Among all the reasons why housing markets are still struggling to recover ground lost during the recent recession — limited inventory, rising interest rates, a weak U.S. economy, and so on — one factor has gone largely unnoticed: student loan debt.
In fact, 414,000 U.S. home sales — or 8 percent of all sales — won’t happen this year because buyers are strapped with too much student loan debt, according to a new report from the respected John Burns Real Estate Consulting.
And the debt load is increasing.
Burns Consulting estimates that nearly 6 million households under the age of 40 pay $250 or more per month in student loans, nearly triple the number of households with student loans in 2005. And every $250 in monthly loan payments reduces purchasing power by $44,000.
In a recent Los Angeles Times article, Rick Palacios, director of research at Burns Consulting, said those estimates of rising debt are “pretty conservative.”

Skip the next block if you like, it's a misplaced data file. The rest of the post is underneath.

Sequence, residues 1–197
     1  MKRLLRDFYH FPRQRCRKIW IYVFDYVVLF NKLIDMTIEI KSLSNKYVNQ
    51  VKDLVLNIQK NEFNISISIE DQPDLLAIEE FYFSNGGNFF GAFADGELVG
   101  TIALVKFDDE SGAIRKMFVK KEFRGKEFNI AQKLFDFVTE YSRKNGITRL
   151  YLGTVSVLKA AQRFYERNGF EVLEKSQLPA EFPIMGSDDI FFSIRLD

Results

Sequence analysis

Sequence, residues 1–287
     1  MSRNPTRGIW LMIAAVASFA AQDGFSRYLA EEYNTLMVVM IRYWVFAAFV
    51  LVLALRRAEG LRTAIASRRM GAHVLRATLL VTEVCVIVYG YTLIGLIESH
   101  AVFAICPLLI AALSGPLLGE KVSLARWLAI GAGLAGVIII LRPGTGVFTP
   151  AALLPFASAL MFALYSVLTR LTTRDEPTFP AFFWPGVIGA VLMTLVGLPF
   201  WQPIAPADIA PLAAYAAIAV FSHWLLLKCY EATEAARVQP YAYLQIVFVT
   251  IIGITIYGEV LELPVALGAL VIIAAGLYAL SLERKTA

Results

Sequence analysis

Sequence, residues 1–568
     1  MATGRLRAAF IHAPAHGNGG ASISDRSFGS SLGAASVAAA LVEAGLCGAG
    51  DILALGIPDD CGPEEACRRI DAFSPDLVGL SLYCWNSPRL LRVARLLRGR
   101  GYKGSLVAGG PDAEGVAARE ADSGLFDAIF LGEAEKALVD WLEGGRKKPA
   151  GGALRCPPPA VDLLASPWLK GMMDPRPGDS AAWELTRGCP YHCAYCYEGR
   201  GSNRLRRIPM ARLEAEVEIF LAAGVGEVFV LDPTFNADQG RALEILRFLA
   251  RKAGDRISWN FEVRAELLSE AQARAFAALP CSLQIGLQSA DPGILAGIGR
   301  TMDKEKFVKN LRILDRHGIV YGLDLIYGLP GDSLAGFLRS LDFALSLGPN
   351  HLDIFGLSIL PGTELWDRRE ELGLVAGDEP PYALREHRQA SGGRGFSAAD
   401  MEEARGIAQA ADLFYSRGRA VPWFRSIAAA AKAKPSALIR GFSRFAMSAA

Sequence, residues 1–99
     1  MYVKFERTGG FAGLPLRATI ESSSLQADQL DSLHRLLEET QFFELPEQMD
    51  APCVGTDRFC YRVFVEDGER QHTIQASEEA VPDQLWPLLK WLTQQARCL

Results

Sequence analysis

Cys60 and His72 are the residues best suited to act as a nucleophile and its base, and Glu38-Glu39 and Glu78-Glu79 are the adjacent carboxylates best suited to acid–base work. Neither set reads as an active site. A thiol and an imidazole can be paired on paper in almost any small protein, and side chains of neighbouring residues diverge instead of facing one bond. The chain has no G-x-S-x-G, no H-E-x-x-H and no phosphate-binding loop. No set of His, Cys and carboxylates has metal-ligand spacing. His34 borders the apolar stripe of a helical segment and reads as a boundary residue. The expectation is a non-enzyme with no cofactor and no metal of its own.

“We’re only looking at people ages 20 to 40,” Palacios told the Times. “We know there’s a big chunk of households over age 40 who have student debt, too.”
The Federal Reserve Bank of New York reported recently that young people today with student debt are less likely to hold a mortgage than people who never attended college — a reversal of long-held trends that link higher education with higher earnings and homeownership rates.
The National Association of Realtors has pointed to student debt as a key factor in the lower-than-normal rates of first-time homebuyers. The group reported earlier this year that first-time homebuyers accounted for only 26 percent of home purchases, down from 30 percent last year.
(Image: Flickr/Ben Chaney)